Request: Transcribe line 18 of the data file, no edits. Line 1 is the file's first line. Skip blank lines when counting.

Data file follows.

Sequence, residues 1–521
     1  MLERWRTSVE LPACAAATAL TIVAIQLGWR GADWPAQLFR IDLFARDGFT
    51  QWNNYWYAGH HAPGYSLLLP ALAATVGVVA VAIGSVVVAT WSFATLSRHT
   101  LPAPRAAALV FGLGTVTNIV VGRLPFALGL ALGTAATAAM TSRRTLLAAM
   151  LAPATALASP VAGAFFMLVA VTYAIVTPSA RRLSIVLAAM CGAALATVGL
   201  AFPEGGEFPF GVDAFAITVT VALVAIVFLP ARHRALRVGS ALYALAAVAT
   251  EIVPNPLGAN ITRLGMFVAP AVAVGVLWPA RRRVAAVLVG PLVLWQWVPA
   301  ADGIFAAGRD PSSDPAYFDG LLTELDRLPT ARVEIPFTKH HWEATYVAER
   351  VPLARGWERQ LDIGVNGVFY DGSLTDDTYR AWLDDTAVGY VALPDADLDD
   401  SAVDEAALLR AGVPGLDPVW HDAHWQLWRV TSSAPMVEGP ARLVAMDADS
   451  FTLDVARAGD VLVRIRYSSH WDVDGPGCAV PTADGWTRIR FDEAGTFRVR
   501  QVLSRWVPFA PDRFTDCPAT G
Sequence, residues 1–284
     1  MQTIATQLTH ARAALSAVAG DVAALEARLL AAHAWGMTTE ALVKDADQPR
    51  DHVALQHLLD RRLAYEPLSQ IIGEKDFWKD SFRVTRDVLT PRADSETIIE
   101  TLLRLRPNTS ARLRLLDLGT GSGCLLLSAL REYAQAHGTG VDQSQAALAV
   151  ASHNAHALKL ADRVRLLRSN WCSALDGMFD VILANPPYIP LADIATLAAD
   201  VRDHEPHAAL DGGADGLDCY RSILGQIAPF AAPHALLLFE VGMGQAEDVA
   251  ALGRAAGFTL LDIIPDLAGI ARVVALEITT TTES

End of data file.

   201  VRDHEPHAAL DGGADGLDCY RSILGQIAPF AAPHALLLFE VGMGQAEDVA